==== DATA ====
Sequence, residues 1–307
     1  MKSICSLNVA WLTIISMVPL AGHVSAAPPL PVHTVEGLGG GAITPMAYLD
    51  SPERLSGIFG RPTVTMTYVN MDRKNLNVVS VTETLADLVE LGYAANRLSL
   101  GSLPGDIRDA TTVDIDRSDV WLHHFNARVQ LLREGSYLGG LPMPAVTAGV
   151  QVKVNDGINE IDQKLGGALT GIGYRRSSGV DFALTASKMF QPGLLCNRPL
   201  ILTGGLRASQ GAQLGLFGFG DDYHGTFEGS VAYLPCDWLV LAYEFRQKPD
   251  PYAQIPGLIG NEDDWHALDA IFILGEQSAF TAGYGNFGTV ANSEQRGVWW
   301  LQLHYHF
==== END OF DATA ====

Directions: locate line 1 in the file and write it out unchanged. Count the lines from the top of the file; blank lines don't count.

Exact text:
Sequence, residues 1–307